When your best friend tells you that you’re being a Hindu because you refuse to pay for the meal despite earning a hefty paycheck, it’s a minor issue. And, his response is the same as you walk to the place where you want to meet, sweating from the equatorial heat: “You stink like a Hindu, man.” Then, too, it’s a minor issue.
When someone from my family addresses me, using my nickname (spelt Aninda, pronounced Onindo), outsiders say, “Oh, why do you have a Hindu name?” or, more simply, “Oh, a Hindu name.” I clarify and say, “No, it’s a Bangla name,” but my explanation falls on deaf ears. But I can ignore it for, you see, it is but a minor issue.
In Brahmanbaria, when temples are burned to the ground because of a Facebook post, it’s nothing for us to worry about. You see, the kind of mentality that is required to incite a group of youths to hatred and violence and destruction is not something we are exposed to. Sure, it’s a lot of people, but they’re a non-representative collective, and as such, this is small sample size and hence, a minor issue.
The fact that this was presumably a systematic way of inciting hatred -- much in the same vein these so-called religious leaders have done before, by hacking into a Facebook account for the nefarious purpose of inciting hatred and division -- is scary, but expected of the rural and uneducated working class, whose minds are as of yet not developed enough to think for themselves. It would never happen to us and, for that, it’s a minor issue.
As a result of which, hundreds of Hindus leave Bangladesh daily. According to a study by economist Dr Abdul Barkat, in 30 years, there will be no more Hindus left in the country. But that is not part of our reality. After all, our friends and acquaintances, some of whom are Hindus, none of them has ever left the country because they were persecuted, were they? Not because they felt that so not-at-home? A mountain out of a molehill must be a minor issue?
And then you hear about Santals and Rohingyas. The cordoning off of their existence to a single paragraph speaks volumes, but little is heard. They are killed and brutalised. They remain on the fringes of society, thereby never really becoming people you know, or understand, or can see in the culture that you inhabit.
According to a study by economist Dr Abdul Barkat, in 30 years, there will be no more Hindus left in the country. But that is not part of our reality. After all, our friends and acquaintances, some of whom are Hindus, none of them has ever left the country because they were persecuted, were they?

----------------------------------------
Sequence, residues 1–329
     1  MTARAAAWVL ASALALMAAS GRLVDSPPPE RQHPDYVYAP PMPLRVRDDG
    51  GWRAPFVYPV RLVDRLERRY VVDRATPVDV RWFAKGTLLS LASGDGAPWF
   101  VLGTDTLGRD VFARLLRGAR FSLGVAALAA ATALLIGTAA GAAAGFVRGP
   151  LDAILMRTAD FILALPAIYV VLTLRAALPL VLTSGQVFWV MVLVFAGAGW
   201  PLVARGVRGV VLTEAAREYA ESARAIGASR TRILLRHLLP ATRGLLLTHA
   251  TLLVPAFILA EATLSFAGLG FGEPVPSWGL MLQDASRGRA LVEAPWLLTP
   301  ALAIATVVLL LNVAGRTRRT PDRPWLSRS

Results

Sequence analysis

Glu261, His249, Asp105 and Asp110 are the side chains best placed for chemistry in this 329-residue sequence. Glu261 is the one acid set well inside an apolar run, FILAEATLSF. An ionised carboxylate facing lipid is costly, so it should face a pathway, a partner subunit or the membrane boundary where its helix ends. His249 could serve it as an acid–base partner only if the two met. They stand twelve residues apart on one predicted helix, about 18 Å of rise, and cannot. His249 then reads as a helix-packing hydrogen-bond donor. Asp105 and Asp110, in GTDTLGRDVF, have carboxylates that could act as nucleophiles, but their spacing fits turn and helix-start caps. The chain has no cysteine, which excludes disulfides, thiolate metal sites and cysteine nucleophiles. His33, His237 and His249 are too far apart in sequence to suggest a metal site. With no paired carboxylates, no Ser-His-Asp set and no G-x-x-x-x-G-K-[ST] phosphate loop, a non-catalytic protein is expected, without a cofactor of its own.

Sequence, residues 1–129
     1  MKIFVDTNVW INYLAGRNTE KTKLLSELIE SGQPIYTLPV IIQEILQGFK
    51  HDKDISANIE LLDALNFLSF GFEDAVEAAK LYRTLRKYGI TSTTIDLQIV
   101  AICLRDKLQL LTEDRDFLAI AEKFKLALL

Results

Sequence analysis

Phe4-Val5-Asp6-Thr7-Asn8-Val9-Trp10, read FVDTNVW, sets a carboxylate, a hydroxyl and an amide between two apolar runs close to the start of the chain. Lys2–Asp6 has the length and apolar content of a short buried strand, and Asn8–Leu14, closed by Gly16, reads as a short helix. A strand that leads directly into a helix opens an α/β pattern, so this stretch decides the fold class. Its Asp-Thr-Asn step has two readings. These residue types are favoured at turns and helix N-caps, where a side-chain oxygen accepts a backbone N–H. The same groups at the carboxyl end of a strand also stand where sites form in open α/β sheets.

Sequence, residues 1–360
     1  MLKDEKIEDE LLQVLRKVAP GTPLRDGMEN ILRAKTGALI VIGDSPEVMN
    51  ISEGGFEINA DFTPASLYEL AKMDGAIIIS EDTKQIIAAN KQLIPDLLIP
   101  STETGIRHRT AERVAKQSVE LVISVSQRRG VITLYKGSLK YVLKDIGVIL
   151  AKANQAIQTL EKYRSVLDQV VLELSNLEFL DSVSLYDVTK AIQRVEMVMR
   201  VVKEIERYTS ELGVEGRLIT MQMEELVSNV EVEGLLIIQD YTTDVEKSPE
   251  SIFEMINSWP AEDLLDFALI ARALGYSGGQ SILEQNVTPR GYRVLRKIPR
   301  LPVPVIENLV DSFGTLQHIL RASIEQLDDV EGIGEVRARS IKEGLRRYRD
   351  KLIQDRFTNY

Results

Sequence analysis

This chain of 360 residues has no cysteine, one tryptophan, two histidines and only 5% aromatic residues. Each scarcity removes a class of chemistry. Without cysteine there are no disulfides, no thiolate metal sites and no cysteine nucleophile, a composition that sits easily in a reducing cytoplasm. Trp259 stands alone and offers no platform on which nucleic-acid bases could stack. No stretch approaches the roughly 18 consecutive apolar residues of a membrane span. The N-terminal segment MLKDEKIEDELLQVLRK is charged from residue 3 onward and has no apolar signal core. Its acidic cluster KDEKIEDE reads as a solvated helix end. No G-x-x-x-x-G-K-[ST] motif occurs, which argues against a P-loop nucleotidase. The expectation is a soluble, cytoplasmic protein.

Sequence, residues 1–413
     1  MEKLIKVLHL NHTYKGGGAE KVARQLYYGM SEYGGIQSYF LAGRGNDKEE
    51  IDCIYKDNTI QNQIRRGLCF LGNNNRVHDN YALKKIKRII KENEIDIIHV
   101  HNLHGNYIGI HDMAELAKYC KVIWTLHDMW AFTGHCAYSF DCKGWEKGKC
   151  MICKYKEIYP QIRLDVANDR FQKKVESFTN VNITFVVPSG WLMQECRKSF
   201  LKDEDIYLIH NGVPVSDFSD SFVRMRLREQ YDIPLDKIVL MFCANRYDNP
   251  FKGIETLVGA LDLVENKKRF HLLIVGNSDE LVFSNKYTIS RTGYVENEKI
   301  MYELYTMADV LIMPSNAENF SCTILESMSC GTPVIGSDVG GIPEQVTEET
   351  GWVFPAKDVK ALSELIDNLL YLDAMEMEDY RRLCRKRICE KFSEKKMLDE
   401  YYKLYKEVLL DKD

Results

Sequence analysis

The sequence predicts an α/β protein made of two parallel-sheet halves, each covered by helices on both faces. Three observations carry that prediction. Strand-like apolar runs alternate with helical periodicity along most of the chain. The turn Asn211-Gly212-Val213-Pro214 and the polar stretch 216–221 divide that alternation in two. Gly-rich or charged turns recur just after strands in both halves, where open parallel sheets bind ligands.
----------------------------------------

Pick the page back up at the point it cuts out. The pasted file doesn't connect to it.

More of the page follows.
They are a people and individuals amongst them are rare. Most of us have probably never heard of Santals before the murders? We’ve heard of ethnicities in the hill tracts, who sometimes are part of our culture, with their surnames of Barua and Chakma, but that’s about it. Surely, then, it’s a minor issue?
And when we speak of Chakmas, we place the tips of our fingers against the edges of our eyes and pull ever so slightly, blinding ourselves to each of their individual characteristics, their historic fight against the stereotype, and go: “Oh, look, I’m Chinese!” We laugh because we can’t really help it; it’s not that difficult to admit that it is kind of funny. It’s not difficult so it must be a minor issue.
And then we write editorials, ministers and heads of state make speeches of the inclusivity in the history of the Bangladeshi nation, how each and every race and religion is given equal treatment, while, simultaneously, the constitution changes to start off with an Islamic quote.
There is that older narrative of how Bangladesh was united by language, and not by religion or ethnicity, and we have always boasted diversity in our culture, an intermingling of faiths.
But in whispers, the narrative breaks down; wasn’t there always a division of religiosity and religion, of piety, of race? Where are they in the stories they tell us, in the faces of our leaders, in the perpetuity with which this kind of separation has been allowed to fester? Another minor thing, part of another minor issue?
Even in this bubble we have created for ourselves, for the reality is difficult to approach and willfully encroach, there is a sadness that wells up at the thought of the inability with which a human being can be treated as nothing more than the identity they had no choice in being born with. We do it, in small ways, when we are irrevocably attracted to another person, and when we are, contrastingly, repulsed.
We do it in slightly bigger ways when we wrinkle our noses at the way certain people celebrate their culture: Pork and pre-marital sex, the smell of incense, the yellowed walls, the butchering of animals, the non-butchering of animals, the colours, the music, the infinite jest, the freedom, the lack thereof. This isn’t representative of us because this bubble is impenetrable. Minority issues? Sure, we have them, but that’s merely a minor issue.
SN Rasul is a Sub-Editor at the Dhaka Tribune. Follow him @snrasul.